Well, we’ll begin with the unfortunate (or serendipitous, depending on your perspective) dwarf invasion of Bilbo’s home. When Bilbo offers refreshments, the dwarf Balin requests beer instead of tea, and seed-cake. Bilbo fetches the beer from a cellar and rushes to one of his pantries (again, I wonder, how many pantries does a single hobbit need…?) “to fetch two beautiful round seed-cakes which he had baked that afternoon for his after-supper morsel.” Of course, you can double this recipe if you really need two cakes…

“Beautiful Round Seed-Cake”


1 cup all-purpose flour
½ cup cake flour
½ cup sugar
2 teaspoons baking powder
½ teaspoon salt
½ tablespoon plus 1 tablespoon poppy seeds
½ tablespoon plus 1 tablespoon lightly toasted sesame seeds
1 tablespoon plus 2 tablespoons salted, dry roasted sunflower seeds
¼ cup plus ¼ cup soft salted butter
½ cup light sour cream
½ cup buttermilk
1 extra large egg, room temperature
¼ cup packed golden brown sugar
¼ cup old-fashioned oats

Preheat oven to 350°. Coat a 9″ springform pan with 2″ deep sides with cooking spray or grease lightly. In a large bowl, combine both of the flours, sugar, baking powder, salt, ½ tablespoon each of the poppy seeds and sesame seeds, and 1 tablespoon of the sunflower seeds. Add and mix in ¼ cup of the butter and the sour cream. In a 2-cup glass measure, whisk together the buttermilk and the egg, then mix this into the dry ingredients. Spread in prepared pan. In a medium bowl, combine the brown sugar, oats, and the remaining seeds. Add the remaining ¼ cup butter and combine. Sprinkle this evenly in clumps on top of the batter. Bake at 350° for 37-41 minutes or until the center tests done. Place on a rack and cool at least 30 minutes before removing pan sides and cutting. Keep leftovers covered at room temperature. Serves 6-8.


This cake is known as Göll’s Gorgeous Seed Cake in Cooking for Halflings and Monsters: 111 Comfy, Cozy Recipes for Fantasy-Loving Souls. Try it as a snack, or for breakfast. Is it good with beer? It certainly is!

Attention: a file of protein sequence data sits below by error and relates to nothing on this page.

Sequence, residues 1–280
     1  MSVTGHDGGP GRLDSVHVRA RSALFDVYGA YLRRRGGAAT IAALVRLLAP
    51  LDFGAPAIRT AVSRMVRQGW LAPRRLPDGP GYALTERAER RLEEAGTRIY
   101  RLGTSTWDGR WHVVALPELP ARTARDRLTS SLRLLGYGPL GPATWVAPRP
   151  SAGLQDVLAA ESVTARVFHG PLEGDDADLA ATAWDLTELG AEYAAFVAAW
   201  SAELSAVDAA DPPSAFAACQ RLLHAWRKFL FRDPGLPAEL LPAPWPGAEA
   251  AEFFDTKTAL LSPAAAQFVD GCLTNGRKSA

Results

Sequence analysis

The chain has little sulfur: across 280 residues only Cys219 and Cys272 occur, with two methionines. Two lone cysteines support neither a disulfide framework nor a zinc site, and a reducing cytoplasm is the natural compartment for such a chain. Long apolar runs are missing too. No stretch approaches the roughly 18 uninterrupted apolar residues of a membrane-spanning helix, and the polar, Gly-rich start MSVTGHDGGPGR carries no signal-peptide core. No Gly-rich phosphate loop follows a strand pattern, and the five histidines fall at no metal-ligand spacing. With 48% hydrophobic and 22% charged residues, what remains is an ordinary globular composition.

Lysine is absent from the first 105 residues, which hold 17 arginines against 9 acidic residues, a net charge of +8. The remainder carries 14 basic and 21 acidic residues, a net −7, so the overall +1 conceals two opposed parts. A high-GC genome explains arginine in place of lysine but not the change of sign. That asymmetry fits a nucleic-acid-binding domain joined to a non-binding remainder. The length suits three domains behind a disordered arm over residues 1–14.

Astrid Tuttle Winegar


Astrid Tuttle Winegar is the author of Cooking for Halflings and Monsters: 111 Comfy, Cozy Recipes for Fantasy-Loving Souls, which is currently available in e-book form on the Amazon Kindle, but will soon be released by Oloris Publishing! Stay tuned for details. Astrid has loved C. S. Lewis since childhood, J. R. R. Tolkien since middle and high school, all Star things, both Trek and Wars, all things Whedon, and many other things besides… She lives in the enchanted city of Albuquerque, New Mexico, with her husband and dog. Her blog can be found at You can check out (and like!) her Facebook page at or visit her Twitter feed at

About reuben

Steve, also known as “Rifflo”, is a University MBA Administrator in Ontario Canada where he lives with his wife, Lisa and two young daughters, Alexa and Ava. Steve has an extensive background in corporate sales. Steve also worked for ISAF: International Security Assistance Force and the Canadian Military as a recruiter in Human Resources for the operations in Bosnia and Afghanistan. When not immersed in Tolkien works,sci-fi, and film, you can find him training in Muay Thai, and Italian rapier.


  1. Hi, This sounds and looks good. I’m wondering if it can be made with honey instead of brown sugar and if so can it be swapped even? Tx for sharing the recipe. I’ll definitely give it a try.

    • To be honest, I’ve never tried honey in a streusel topping, but this might produce something delicious. I’d love to hear from you about your results Pat! I’m wondering if you might need to add a little bit more oats since honey is liquid-y, depending on your honey variety…